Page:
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Bailey Mahoney is the 2014 Fauquier Times Wakefield Boys Athlete of the Year

Wednesday, Jul. 23 | By Brandon Hartman
Wakefield swimmer Bailey Mahoney will bring his U.S. flag towel to Virginia Military University this fall. --Photo By Doug Stroud
Bailey Mahoney is already “locked on.”

That's a phrase used at Virginia Military Institute to describe the school's top military cadets. They have the shiniest shoes, cleanest rooms and sharpest haircuts. They live and breathe the military.

Mahoney, a recent Wakefield School graduate, hasn't yet joined VMI, but he has been locked on his whole life. That's why VMI seems to be exactly where he belongs, and one reason he is the Fauquier Times 2014 Wakefield Boys Athlete of the Year.

Around age 9, Mahoney locked his sights on playing college lacrosse and beginning a career in the military.

“The military was what fascinated Bailey,” Mahoney's father, Tim, said. “He wanted to be a SEAL long before it was cool. He talked with my own father’s military buddies and that was that.”

Mahoney made many life decisions with his military goal in mind. He chose to attend Wakefield so he could challenge himself academically and prepare for the tough environment he would find at a military college.

A lacrosse player at heart, Mahoney joined the Wakefield swim team in the winter and used that cross training to reach his athletic peak by spring. He also joined the Owls' cross country team as a senior so he could trim down his three-mile time for the Marine Corp fitness test.

Mahoney did all this to improve his chances of becoming a United States Marine Corp officer and NCAA Division I college lacrosse player. As a byproduct, he was named Wakefield MVP in three sports and became one of the school's best all-around athletes.

His athletic life started in the backyard of his family’s Catlett home, where his father introduced him to lacrosse. Tim Mahoney had played as a child for one of the first lacrosse teams in Northern Virginia so, naturally, he passed down his passion to his son.

As soon as Bailey Mahoney picked up a stick at age 6, he was hooked. Fast play and intensity made the contact sport his favorite.

“Lacrosse is almost like a stress reliever,” Mahoney said. “The exhilaration of running around a field at full speed with the mindset of hitting someone and being hit is something that forces you to take your mind off things and just play.”

Mahoney's tenacity and endurance made him a perfect fit as a long stick midfielder, a position for players with rechargeable batteries as they run up and down a field. Mahoney has the legs to carry the ball up the field on offense and then sprint back on defense.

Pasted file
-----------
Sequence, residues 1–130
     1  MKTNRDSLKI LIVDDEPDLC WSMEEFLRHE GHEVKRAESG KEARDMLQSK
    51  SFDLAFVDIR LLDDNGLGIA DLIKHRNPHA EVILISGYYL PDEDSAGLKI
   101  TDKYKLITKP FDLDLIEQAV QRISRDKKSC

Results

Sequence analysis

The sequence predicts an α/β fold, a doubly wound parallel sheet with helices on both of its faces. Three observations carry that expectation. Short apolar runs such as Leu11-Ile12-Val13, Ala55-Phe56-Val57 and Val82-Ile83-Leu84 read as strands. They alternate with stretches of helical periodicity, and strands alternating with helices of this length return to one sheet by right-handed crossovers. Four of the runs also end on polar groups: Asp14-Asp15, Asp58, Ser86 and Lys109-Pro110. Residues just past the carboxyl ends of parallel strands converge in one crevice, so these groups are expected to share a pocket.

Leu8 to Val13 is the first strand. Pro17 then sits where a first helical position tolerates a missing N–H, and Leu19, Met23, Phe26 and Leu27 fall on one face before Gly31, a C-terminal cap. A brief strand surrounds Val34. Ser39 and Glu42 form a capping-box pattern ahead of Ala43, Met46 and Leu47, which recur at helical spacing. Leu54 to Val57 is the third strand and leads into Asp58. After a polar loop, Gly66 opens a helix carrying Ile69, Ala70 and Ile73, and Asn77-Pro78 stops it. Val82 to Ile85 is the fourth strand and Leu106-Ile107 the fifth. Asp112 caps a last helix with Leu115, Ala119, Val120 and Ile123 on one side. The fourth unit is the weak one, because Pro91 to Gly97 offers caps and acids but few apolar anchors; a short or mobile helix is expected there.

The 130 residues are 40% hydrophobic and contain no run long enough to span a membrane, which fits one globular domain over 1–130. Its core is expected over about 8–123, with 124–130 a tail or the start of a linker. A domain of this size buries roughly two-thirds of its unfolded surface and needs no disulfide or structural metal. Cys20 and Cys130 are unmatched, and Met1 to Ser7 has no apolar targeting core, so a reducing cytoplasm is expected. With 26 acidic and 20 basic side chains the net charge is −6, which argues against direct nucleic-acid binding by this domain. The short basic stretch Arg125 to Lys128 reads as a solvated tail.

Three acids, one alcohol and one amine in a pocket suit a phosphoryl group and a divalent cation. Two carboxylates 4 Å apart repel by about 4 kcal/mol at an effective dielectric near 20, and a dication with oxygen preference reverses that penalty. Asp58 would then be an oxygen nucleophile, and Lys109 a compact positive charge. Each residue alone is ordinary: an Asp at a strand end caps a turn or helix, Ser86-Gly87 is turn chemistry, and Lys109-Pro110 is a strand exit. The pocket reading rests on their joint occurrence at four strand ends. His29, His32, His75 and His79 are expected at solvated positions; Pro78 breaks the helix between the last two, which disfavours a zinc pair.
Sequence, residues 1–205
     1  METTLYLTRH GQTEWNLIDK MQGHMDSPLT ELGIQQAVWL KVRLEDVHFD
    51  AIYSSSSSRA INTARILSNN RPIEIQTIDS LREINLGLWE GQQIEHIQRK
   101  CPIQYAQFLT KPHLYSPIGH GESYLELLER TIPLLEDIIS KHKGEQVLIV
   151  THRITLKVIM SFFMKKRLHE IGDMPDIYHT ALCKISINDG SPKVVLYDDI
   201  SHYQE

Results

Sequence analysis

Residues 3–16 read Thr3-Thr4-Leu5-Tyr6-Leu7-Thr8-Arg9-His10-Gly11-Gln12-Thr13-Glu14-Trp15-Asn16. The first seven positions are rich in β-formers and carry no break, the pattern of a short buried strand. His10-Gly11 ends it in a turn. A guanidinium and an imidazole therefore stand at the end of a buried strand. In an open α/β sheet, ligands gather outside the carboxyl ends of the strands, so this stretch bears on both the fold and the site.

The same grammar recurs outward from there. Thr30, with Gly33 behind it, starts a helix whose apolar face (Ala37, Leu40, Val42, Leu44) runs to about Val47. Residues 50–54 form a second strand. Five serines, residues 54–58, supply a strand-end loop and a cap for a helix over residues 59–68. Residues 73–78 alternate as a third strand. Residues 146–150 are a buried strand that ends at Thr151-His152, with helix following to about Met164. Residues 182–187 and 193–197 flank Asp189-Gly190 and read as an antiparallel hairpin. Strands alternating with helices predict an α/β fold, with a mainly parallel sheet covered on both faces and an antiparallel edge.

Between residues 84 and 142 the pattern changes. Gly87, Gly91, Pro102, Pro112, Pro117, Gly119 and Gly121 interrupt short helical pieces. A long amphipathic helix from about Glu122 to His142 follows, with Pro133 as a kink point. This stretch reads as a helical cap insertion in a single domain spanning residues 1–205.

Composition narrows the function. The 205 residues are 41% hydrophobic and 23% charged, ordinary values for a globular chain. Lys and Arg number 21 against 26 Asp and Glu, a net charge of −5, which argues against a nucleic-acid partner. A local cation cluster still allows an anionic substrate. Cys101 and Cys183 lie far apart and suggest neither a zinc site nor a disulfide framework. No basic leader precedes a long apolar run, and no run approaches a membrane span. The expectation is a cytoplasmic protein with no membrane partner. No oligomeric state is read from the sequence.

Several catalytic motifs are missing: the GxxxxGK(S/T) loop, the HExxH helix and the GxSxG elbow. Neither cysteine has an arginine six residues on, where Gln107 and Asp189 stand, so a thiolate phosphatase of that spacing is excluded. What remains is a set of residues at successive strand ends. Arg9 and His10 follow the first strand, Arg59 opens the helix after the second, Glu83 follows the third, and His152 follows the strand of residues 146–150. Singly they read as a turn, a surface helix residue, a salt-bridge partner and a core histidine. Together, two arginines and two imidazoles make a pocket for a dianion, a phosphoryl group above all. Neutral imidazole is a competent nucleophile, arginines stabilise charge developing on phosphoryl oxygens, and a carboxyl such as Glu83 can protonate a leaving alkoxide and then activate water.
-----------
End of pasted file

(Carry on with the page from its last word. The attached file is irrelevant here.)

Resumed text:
Strong legs and a great set of lungs also helped him during his one season as a cross country runner. He set a Wakefield record in the boys 5,000-meter run with a time of 17 minutes, 45 seconds despite having never competed in a race prior to his senior year.

As a freshman, Mahoney played soccer, but an in-game concussion kept him from returning to the sport. He didn't participate in a fall sport again until joining the cross country team this past season.

“He’s just a fantastic athlete,” Owls head cross country coach Sarah McDonough said. “You don’t really see too many people come in and start winning races their first year in cross country. There is so much to learn with technique and strategy that it is hard to do it off ability alone. He did it.”

Mahoney only wanted to use cross country as a way to get in better shape, but he became the first Wakefield runner to win a boys race since 1987.

"I wanted to hone my running technique,” Mahoney said. "Keeping fit with cross country seemed a good way to help me out with my future fitness goals for the Marines. I just tried to go into it with mindset that I was going to try to push through my physical barriers. The rule I gave to myself was that I’d never slow down once I started and would never walk.”

Mahoney often made rules for himself. In lacrosse, as a senior, he decided to never hold back on the field so he could become a college lacrosse player. Rule No. 2: He vowed that the Owls would do their best to defeat Highland, a Fauquier County rival and perennial Delaney Athletic Conference powerhouse, and qualify for state for the first time in recent memory.